Peruvian-born economist Hernando de Soto wrote a series of book on his own experience of reducing poverty by giving property rights to the poor.
In this first book "The Mystery of Capital" De Soto shows how the poor are made "vulnerable" (to use the politically-correct lexicon used instead of "poor" to indicate something worse: the lack of self-sufficiency) because they are deprived of their property rights, and therefore, of their ability to conduct legitimate and stable business.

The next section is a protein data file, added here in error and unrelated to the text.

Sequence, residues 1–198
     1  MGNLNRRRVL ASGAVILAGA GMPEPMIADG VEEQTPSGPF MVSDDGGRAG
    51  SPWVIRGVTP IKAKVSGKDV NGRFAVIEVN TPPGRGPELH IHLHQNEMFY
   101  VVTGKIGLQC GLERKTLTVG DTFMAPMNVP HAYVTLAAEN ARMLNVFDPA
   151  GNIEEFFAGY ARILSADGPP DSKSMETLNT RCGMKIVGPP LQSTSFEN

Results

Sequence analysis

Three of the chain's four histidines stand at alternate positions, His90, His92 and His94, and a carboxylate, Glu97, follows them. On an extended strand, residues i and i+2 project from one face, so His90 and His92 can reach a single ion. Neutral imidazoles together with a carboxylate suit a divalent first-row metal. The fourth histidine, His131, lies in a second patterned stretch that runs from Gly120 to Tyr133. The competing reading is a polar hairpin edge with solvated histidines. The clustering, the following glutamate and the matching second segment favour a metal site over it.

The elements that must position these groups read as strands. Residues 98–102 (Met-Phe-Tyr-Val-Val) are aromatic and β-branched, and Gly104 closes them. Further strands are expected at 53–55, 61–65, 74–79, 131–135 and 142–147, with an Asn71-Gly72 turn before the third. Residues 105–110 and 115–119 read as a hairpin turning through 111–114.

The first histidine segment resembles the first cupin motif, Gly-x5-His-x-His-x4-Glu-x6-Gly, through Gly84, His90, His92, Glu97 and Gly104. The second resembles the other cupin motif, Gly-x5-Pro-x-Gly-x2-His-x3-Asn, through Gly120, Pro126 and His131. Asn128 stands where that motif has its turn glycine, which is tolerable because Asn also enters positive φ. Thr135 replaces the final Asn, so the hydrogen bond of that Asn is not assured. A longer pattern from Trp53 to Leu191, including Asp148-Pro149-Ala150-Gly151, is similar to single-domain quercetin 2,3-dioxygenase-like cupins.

The suicide of a2002 humble grocer when his cart was appropriated by the Cairo police fir bit having "a license" to sell vegetables, started the regional insurrection called "the Arab spring" and underscored the vital urge for property rights among the poor.
De Soto explains (and demonstrates) in other of his key books, aptly titled "The other Path" (in Spanish a play in words with "el otro Sendero" as an alternative to the terrorist group Sendero Luminoso or Shining Path) that making easier and cheaper for the poor to establish independent business and trade, not only reduces poverty, but creates self-sufficiency and the self-respect and dignity that comes with that.
De Soto and his foundation conducted experiences around the world confirming the thesis and methods of his books.